I used to work with a raptor program that rehabbed birds and gave educational talks. This is not how you handle a raptor. It is not even close.

These “educators” work as raptor rehabbers in Michigan… and their method of handling raptors is obscene. Every second these birds are shown is an obvious second of distress, fear, and abuse, and this shit needs stopping.

Michigan organizations have been contacted and are “working on it.” But maybe a petition would help them “work on it” faster. Either way, it can’t hurt.

So please pop over here and sign; this shit needs to stop, and it needs to stop as fast as possible.

Please reblog. Get this out there. We need to do everything possible to stop the torment these birds are being put through.

After watching a minute of the presentation, I am disgusted by their handling :(

solohawk:

Me and my young male Harris hawk, Solo in 2012. Well-loved and missed immensely…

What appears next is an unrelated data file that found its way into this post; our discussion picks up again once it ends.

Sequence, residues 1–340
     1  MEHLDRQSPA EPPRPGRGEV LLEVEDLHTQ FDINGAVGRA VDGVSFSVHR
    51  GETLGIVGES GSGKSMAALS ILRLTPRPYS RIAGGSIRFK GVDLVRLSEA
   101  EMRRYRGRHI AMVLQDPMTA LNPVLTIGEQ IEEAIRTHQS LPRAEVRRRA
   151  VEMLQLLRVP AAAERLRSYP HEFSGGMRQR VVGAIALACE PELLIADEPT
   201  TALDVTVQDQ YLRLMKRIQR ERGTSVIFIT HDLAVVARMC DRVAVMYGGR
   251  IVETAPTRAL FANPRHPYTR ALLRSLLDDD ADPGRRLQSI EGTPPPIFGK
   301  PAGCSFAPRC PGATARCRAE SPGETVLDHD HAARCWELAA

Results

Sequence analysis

Coming up to a year :(

solohawk:

Me and my young male Harris hawk, Solo in 2012. Well-loved and missed immensely…

Coming up to a year :(

Spencer ferret having his time out this afternoon. Now that summer’s just around the corner, he’ll be retired from work and spending his days playing and sleeping with a run in the fields of an evening. What a life. 

Photo’s taken by myself :) 

My Harris surprised me by taking a bath today - he’s a prolific paddler but rarely takes the plunge. He then sat out in the almost-there-kind-of-weak sun, drying off and being all sweet and tweety. Did I mention we have down coming off him and  that ONE body feather dropped yesterday? That’s right, it has begun. 

howtoskinatiger:

hardxsun:

It frustrates me when people try to justify hunting as ‘just another sport’. Hunting is not a sport - hunting is what we did before there was sport. It is much more primal and basic - it can be suppressed, diverted or ignored - but it still exists.

Early humans evolved to be hunters and gatherers for millions of years and humans as we know it now have only spent the last ten thousand years (approximately) practicing agriculture and animal husbandry. In a timeline of human evolution, civilisation and agriculture are not much more than the blink of an eye (furthermore, civilisation is entirely unsustainable). If you consider Maslow’s Hierarchy of Needs, the innate drive to produce food is one of our most basic physiological requirements - sports only began to evolve as our basic needs were satisfied by agriculture and civilisation and humans had to find things to fill our spare time with.